Suggested Trip

Thoughts on Reclaiming the Susquehanna: A Paddle from Highspire to Goldsboro

 

Located between the PA Turnpike Bridge and Three Mile Island, the Highspire to Goldsboro section of the middle Susquehanna combines varying conditions and both natural and manmade sights to provide a scenic afternoon tour for paddlers of any level. Best of all, it is a perfect example of how the river is being reclaimed for future generations.

Long History of Industry
But that has changed. Tightened regulations, decrease in industry, and a greater interest in recreational use have allowed a rebound. Today, it is one of the most enjoyable sections for a wide range of recreational activities, including paddling.

Making the Trip
There are several launch and recovery points available on this section – Highspire Public Launch, two Pennsylvania Fish & Boat Commission Access Areas, PPL Royalton launch, and two marinas. For this trip, I utilized the Highspire Public Launch and PFBC Goldsboro Access Area for launch and recovery respectively. Why? Maximum time on the water. By utilizing these two launches, I was able to start at the upstream most point (almost under the Turnpike Bridge) and finish at the downstream most public launch. Plus, they both offer well-maintained, easy to use launches for a variety of paddle craft, with ramps suitable for those cartopping, trailering, or slipping their yak into the truck bed.

The PFBC accesses are free; however, you will need your watercraft permitted or registered.  More information on non-powered registration and launch permits can be found on the PFBC website. There is a nominal fee of $5 per day or $45 per year for using the Highspire Boat Launch – also known as the Steelton Boat Launch, depending on which borough you might live in. Additional information on how to obtain a permit can be found here.

Upon launching, you will find the area immediately below the Turnpike Bridge to be an ideal location for drifting, paddling, and exploring. This wide, slow section of the river is relatively shallow, so recreational boating is limited. Most boaters you encounter will be fishing or waterfowl hunting, depending on the time of year. There will be very few motorboats buzzing the area, towing skiers or otherwise running to nearby recreation sites. For the most part, you will be alone to explore the many islands, soak up the sun, and possibly catch a glimpse of local wildlife.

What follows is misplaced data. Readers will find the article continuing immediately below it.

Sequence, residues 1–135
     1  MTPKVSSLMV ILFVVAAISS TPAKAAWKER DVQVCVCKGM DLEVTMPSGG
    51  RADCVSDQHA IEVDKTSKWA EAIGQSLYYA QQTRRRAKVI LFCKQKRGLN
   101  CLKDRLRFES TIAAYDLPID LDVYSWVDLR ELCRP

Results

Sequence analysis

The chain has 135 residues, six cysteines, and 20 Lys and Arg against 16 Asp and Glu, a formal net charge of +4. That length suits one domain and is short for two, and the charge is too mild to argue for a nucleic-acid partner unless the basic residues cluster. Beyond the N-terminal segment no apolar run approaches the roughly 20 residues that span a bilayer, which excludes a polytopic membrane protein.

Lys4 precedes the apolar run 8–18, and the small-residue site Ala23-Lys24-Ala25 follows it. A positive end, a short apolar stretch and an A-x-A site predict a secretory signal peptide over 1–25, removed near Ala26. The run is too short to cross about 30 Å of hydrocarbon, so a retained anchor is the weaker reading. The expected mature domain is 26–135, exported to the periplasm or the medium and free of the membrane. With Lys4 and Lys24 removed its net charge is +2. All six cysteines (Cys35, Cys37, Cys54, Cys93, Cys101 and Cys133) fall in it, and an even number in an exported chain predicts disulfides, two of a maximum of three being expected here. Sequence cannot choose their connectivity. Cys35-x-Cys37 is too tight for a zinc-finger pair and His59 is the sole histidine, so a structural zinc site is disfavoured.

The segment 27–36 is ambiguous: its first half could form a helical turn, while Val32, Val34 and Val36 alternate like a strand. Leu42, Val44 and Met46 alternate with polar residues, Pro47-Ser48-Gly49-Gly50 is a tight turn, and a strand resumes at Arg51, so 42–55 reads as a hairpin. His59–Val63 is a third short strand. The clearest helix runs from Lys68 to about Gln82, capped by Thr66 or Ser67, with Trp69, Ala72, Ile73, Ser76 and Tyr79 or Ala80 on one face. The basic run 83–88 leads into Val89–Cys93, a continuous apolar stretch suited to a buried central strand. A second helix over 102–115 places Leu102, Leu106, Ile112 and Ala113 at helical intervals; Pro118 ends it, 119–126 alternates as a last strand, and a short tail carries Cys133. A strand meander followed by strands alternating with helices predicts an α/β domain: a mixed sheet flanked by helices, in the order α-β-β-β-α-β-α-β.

As you move downstream the river narrows and eventually deepens, making it more attractive to power boaters. This is especially true below the PPL Public Launch, located on the east shore downstream of the Swatara, as it is also the location of the last set of riffles that limit upstream movement of most boats. While this does mean an increase in traffic, it does not usually mean the area is not suitable for paddling. Except on a nice summer weekend afternoon, the number of boats using even the main pool surrounding TMI is nominal. If traffic is heavy and you are concerned about negative interactions, simply stick close to shore when passing the many islands that dot the area and you will be fine – with an increased chance of seeing some of the deer, waterfowl and numerous other species of wildlife that call the area home.

There are very few potential dangers to be encountered along this route. On busy weekends traffic will be heavier, and the water levels rise considerably following a recent rain, but there are no dangerous rapids, falls or strainers to navigate. However, you should not attempt to venture any further south. While the Susquehanna continues south to the Chesapeake Bay, it is not readily accessible from here, as there are two dams blocking your path. Red Hill Dam blocks the path to the east of Three Mile Island and can not be safely navigated. There is an exclusion zone above and below the structure, making entry illegal, and no public portage. Although York Haven Dam, located to the west, does provide a portage it passes through private property. You will need to make arrangements with the power plant operator prior to entering the area. Signs at the entry point, located on the west shore upstream of the power plant, provide paddlers with the most current contact information and how to arrange an escort. Again, the dam includes exclusion zones above and below so attempts to navigate are both illegal and extremely dangerous.

In Closing
This route is a perfect choice for those looking for a quiet, relaxing day on the water. There are no rapids to navigate or long portages to make – just wide-open water with plenty of scenery to enjoy. While it may take a little getting used to with the TMI towers looming in the distance, you will soon learn to enjoy the fact that they now stand as a testament to the fact that this section of the Susquehanna has been reclaimed by those who enjoy it. Once the site of heavy industrial use, the worst nuclear disaster in American history, and considered almost dead, it is now a prized location for anyone who enjoys getting on the water and being close to nature.

Tom Burrell

Tom grew up exploring Pennsylvania’s waterways, fishing and paddling the Pocono waters surrounding his childhood home. He was able turn his passion for being on the water into a livelihood, first with the US Coast Guard and later as a conservation officer. For the last 22 years he has patrolled and protected the waters of Southern Pennsylvania, including the Susquehanna and its many tributaries. When not fishing or boating he enjoys spending time with his wife and three children, including passing along his passion for the outdoors.

October 16, 2019

Main image: Photo by Tom Burrell
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